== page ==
Styx and REO Speedwagon ride the heat wave out at sold-out show
REO Speedwagon & Styx
Tuesday, June 14
Everywhere you look, there’s a sea of people clapping off beat, wearing khakis, baseball caps, and band t-shirts that might have actually seen the ’80s. The crowd is mostly seated—a congregation of mostly older white people. Men with mullets and aviators strut down the sidewalks. Plastic beer cups are quickly drained. Blowouts fall flat due to the heat. When you’re more likely to smell cigarettes than weed, you know you’re keeping company with Baby Boomers. And attending an outdoor show during a heat advisory? That’s just rock and roll.
Styx and REO Speedwagon performed their Live & UnZoomed tour with special guest Loverboy on Tuesday. Styx and REO Speedwagon have both hit their 50-year mark, so it makes sense that their primary audience is older. Although not everyone in attendance was up for hours of standing, the crowd was roaring. According to REO lead singer Kevin Cronin, Kansas City was the first location to sell out when their tour was announced.
After Loverboy opened, Styx took the stage. Lead singer and keyboardist Lawrence Gowan kept the energy high by pulling out tricks like playing the keys one-handed, jumping around and on top of various parts of the set, and… Irish step dancing? However strange his methods, he won the affection of the audience, especially when he costume-changed into a black sequined jacket and top hat. Guitarist and singer Tommy Shaw was also channeling youthful energy in white skinny jeans and a flowy blouse.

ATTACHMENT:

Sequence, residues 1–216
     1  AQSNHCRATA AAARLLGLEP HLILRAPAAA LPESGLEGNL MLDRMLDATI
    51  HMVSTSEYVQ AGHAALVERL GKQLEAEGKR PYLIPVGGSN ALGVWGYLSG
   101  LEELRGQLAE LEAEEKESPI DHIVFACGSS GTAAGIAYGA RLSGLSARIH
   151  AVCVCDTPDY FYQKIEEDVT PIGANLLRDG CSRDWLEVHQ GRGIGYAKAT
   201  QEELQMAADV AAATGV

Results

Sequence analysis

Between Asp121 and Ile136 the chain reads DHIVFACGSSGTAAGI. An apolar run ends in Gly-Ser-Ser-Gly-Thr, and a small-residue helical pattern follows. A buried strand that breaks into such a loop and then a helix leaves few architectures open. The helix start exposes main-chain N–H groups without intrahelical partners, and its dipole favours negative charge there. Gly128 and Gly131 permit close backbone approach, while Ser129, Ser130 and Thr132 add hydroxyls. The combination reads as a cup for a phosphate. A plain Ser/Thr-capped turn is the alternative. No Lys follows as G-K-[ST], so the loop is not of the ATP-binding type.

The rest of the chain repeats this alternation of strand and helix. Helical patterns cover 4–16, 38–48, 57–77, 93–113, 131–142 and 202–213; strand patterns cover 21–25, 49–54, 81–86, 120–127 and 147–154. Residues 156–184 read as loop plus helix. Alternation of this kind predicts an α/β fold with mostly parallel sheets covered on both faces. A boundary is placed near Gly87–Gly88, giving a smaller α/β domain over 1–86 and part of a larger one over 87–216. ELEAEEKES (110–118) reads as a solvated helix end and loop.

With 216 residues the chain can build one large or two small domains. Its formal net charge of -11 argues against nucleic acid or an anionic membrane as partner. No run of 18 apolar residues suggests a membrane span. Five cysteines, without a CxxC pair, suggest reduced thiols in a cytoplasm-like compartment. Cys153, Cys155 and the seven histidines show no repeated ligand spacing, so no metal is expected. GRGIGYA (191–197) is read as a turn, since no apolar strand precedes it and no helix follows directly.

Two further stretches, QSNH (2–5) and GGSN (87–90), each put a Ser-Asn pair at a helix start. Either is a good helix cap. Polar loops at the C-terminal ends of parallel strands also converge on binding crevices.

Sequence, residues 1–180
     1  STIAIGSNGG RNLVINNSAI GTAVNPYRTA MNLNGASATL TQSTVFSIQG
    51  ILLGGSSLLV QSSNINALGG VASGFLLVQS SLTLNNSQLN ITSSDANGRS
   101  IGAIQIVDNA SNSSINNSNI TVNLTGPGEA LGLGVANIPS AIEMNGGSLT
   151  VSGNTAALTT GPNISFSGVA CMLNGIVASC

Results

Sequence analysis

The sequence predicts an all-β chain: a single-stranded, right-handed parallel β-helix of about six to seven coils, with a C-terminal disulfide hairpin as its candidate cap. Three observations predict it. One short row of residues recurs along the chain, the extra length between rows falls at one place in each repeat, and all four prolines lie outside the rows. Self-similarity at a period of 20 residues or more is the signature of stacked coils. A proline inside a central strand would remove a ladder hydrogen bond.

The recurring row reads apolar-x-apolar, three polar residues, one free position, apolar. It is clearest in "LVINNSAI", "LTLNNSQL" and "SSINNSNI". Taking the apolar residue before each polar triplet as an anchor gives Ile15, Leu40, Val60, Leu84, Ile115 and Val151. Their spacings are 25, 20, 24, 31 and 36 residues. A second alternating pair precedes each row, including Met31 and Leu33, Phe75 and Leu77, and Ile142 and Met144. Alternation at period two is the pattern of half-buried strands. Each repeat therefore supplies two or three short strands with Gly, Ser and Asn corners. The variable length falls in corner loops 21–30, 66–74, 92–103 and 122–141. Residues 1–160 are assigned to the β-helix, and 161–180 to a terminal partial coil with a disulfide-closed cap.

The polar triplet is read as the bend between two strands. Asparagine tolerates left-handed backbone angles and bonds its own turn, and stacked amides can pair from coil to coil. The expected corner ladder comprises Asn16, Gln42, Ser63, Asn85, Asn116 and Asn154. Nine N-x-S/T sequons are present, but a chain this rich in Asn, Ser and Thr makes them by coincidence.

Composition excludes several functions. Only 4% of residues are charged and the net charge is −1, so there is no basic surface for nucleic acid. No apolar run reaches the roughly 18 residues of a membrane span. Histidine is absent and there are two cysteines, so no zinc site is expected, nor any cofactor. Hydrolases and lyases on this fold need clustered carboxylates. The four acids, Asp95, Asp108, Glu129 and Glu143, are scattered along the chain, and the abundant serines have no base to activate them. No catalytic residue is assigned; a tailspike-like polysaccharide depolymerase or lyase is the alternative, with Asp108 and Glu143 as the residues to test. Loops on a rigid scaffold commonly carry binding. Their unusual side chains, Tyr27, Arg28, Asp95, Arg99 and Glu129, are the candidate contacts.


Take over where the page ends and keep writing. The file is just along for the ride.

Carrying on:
Drummer Todd Sucherman never played a song to which he didn’t devote 100%. He has been nominated in four categories for the 2022 Modern Drummer Reader’s Poll. He’s previously won the top honors in categories such as Rock Drummer, Live Drummer, and Recorded Performance. Styx’s band members didn’t seem to be running away from their age but rather acknowledged it without letting it stunt them.
The one exception was Chuck Panozzo, co-founder and bass player, who stepped onstage for two songs. Given that he is 73 and likely wary of heat stroke, this is understandable. Ricky Phillips on the five-string bass guitar was the least flashy of the bunch but had a no less important role in keeping the group on track. At the end of the set, the band members all held hands and bowed endearingly like a group of theatre kids finishing their first high school production.
The announcer put in a plug for a drawing for a guitar signed by Loverboy, Styx, and REO Speedwagon. The cost of raffle tickets will be donated to Homeless Military Veterans, sponsored by Rock to the Rescue, the charity founded by Styx and REO in 2001.
Whether it was because of the energy level brought back to the stage or because their buzz had worn off, there was significantly less dancing from the crowd during REO’s performance. Initially, the songs felt wilted, although the pace picked up during the choruses. Cronin, along with bass guitarist Bruce Hall, put up a valiant effort, but couldn’t channel the same spontaneous kinetic energy as Styx.
The level of crowd interaction was high, although the mood dimmed and the pace slowed. Audience members turned on their flashlights and held their phones above their heads (keeping them stagnant—but at least they tried) for “Can’t Fight This Feeling.” Founding member and keyboardist Neal Doughty made a well-received appearance during the performance of the track.
Classic rock, summer, and nostalgia fit together like puzzle pieces, forming a clear picture of a night to remember for Midwest rockers.